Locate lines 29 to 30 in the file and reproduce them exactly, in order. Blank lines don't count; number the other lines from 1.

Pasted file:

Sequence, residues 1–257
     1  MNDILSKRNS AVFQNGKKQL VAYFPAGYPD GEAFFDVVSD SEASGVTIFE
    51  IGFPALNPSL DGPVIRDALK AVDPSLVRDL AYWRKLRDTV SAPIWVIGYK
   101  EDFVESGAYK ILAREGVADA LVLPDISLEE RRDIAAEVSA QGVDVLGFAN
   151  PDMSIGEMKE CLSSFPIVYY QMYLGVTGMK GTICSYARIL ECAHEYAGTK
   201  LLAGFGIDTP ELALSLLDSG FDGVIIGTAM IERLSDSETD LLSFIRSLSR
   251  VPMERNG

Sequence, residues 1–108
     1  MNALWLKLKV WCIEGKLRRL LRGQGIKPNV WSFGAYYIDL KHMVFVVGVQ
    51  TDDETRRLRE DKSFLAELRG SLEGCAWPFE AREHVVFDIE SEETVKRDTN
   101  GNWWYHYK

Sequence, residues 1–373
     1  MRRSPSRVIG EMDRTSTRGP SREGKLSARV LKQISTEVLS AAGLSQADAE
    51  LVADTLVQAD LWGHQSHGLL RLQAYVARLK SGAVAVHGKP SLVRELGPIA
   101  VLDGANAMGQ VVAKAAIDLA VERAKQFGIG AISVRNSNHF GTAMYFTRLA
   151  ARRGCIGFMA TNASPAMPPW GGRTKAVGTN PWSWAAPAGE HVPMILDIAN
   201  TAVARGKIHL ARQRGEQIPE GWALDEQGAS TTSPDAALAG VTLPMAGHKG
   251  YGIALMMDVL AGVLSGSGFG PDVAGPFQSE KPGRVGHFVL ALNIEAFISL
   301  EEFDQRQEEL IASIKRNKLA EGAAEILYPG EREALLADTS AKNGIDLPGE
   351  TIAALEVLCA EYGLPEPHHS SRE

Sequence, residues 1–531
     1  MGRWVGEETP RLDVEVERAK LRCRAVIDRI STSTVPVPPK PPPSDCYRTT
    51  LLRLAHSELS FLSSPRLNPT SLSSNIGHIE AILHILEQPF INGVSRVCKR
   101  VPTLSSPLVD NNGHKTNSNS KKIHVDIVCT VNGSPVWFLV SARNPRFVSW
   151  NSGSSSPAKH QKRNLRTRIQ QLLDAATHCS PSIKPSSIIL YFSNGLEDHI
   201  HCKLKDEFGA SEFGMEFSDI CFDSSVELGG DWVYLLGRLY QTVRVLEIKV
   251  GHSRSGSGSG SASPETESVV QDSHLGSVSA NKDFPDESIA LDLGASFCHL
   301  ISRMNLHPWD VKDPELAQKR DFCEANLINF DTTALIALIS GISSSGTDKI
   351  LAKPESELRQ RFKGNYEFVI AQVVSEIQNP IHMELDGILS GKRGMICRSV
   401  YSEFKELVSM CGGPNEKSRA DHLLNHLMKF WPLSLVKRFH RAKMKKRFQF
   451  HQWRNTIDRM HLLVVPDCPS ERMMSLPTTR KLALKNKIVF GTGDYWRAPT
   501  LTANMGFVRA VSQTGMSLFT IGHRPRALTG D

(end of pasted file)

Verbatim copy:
   351  LAKPESELRQ RFKGNYEFVI AQVVSEIQNP IHMELDGILS GKRGMICRSV
   401  YSEFKELVSM CGGPNEKSRA DHLLNHLMKF WPLSLVKRFH RAKMKKRFQF